October 6, 2013: Fall colors on Pinecone Ridge near Park City, Utah

October 6, 2013: Fall colors on Pinecone Ridge near Park City, Utah

alternative-health-care-choices-for-chronic-painAs luck would have it, there’s something wonderful happening in Park City toward the end of next month. That’s right, it’s the Fourth Annual Forum on Engaged Reading on October 23-24 at The Chateaux Resort in Deer Valley! On account of my connections with some Extremely Important People, I managed to get a sneak peek at the program, and as I read over it I began sweating bullets. Why? Well, based on what I read, each session is jam-packed with charismatic presenters and irresistible ideas. How will I possibly choose one presentation when I need to be at all of them?

hermione-granger-galleryUnless I stumble upon a Time-Turner over the next month and manage to split myself several ways a la Hermione Granger, I think the obvious strategy here is to divide and conquer. So who’s going? Let’s divvy up the schedule and draw straws. I’ve got dibs on Gene Nelson’s Books 4 Boys presentation!

All In The Family

What could go wrong?

Yesterday my brother and his wife welcomed their sixth child and my parents’ 20th grandchild into the world. I’m the mother of four of those 20 grandchildren, which makes me an aunt to 16 smallish people. I love being an aunt! Compared to parenthood, it’s a trip to Disneyland. As the oldest of five children, I feel it’s my sacred duty to recount to my nieces and nephews all the hairy details of their parents’ early years. I might embellish a bit from time to time, but it’s mostly all true.

I’m still learning how to be a teacher, but I’ve been a parent for almost 18 years now (how time does fly when you’re having fun!). In thinking about families and teaching, Super Genius 1it occurs to me that families are a child’s first teachers and home her first school. The instructional methods vary widely; there’s no prior-year CRT or curriculum map for a kindergarten teacher to review. Nevertheless, children learn a great deal from their families, and a smart teacher is mindful of the many ways students’ family backgrounds affect an individual student’s educational outcomes and, in a broader sense, the classroom dynamic.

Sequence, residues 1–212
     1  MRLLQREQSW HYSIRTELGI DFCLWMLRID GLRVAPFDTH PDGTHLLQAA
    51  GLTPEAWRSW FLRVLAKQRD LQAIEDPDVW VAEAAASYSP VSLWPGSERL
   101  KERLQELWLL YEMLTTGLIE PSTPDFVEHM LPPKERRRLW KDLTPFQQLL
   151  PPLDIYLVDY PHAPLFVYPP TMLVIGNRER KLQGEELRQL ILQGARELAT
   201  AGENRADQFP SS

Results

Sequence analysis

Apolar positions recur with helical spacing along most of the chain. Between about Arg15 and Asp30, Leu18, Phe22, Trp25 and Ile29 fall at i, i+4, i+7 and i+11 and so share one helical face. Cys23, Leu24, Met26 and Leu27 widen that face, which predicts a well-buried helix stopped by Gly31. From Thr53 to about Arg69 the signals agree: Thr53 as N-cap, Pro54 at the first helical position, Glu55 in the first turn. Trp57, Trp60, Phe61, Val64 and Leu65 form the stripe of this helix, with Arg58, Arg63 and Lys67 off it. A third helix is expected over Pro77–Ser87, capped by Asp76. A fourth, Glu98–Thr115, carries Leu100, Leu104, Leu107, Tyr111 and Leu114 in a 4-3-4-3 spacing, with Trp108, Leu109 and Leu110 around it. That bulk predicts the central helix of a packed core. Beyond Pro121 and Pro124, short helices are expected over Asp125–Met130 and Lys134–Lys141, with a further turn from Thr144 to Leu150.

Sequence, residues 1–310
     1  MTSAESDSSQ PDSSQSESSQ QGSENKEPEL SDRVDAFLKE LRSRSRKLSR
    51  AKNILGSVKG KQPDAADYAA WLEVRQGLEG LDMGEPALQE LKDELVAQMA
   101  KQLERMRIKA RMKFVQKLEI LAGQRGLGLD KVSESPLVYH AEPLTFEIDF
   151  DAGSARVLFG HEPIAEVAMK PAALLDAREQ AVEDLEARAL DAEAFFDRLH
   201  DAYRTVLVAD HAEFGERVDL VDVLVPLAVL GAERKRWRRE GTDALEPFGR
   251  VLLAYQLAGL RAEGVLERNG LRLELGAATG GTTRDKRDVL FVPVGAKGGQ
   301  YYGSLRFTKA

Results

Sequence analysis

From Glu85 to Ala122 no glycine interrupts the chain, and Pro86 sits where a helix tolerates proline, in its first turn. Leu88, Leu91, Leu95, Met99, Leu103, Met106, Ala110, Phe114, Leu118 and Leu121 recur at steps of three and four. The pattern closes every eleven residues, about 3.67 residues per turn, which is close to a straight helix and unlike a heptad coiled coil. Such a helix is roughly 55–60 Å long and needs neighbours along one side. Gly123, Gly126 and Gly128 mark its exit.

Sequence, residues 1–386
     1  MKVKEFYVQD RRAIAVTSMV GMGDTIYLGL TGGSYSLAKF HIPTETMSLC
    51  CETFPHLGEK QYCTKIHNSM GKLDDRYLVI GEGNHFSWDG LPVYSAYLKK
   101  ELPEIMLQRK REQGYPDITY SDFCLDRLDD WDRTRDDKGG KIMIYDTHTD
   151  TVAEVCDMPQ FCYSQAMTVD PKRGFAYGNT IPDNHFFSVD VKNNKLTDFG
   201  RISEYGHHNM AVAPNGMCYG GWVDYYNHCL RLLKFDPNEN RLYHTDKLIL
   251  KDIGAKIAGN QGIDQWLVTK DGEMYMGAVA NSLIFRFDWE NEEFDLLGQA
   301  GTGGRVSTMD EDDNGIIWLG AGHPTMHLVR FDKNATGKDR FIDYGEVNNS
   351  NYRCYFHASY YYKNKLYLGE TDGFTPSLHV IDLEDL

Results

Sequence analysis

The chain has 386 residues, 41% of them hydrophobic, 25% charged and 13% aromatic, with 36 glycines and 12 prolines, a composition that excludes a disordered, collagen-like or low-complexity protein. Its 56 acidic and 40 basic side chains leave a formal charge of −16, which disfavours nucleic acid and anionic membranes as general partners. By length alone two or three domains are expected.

Calvin and Hobbes, by Bill Watterson

The summer is fast winding down to a close, and that means it’s time for family reunions. In fact, I’m scheduled to attend one next week. I’m looking forward to watermelon, green grass, delicious salads, sticky children, and clusters of chatty grownups.

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Thinking about the reunion reminded me of one of my favorite children’s books! I read this book for the first time about five years ago, when it came in a group of Newbery-award-winning books I had purchased through school book orders. It’s called The Relatives Came, and it was written by Cynthia Rylant and illustrated by Stephen Gammell. 

I don’t think it’s the kind of book I would ever have picked up on my own, but the first time I read it to my children, I knew it meant something special to me. The story, told from the perspective of a first-person omniscient narrator, begins by detailing the narrator’s relatives’ long trip from Virginia to visit. The joy experienced by each member of this extended family as they see and greet and love each other again is plainly evident through the pictures and the words.

I can envision this book used as the anchor text for a first-week-of-school lesson plan for language arts. First, ask students if they have ever attended a family reunion, especially during the previous summer. Invite several students to share their experiences. Next, play this YouTube video for your students–it’s a read-aloud of The Relatives Came. Ask the students how the relatives felt about each other and what words the author used to communicate those feelings.

edoutreach_1Next, have the class participate in a graffiti shared-writing experience; you might have different writing spots where students share what family reunions look like, smell like, and feel like. Then assign the students to write about a family reunion they have attended using as many descriptive details and words as they can. Ask them to include a “family picture” that would have been taken at the reunion.

Once the students have completed the assignment, don’t forget to allow a few students to share their stories and artwork with the class, and while they do, emphasize that everyone’s family is different and special because of its unique ways. This lesson is especially effective at the beginning of the school year because some students experience new-school-year jitters, and thinking about their families can bring feelings of comfort and security. Moreover, our students’ families play a dramatic role in shaping their identities, and when we honor their families, we demonstrate that our classrooms are safe places for our students to learn and grow.

More books for celebrating extended families:

Aunt Claire’s Beehive Hair by Beborah Blumenthal, AuntCLAIREillustrated by Mary GrandPré (2007, Pelican);

What a Family! WhataFAMby Rachel Isadora (2006, Putnam)

Me and My Family Tree me & famTREEby Joan Sweeney, illustrated by Annette Cable (2000, Dragonfly Books)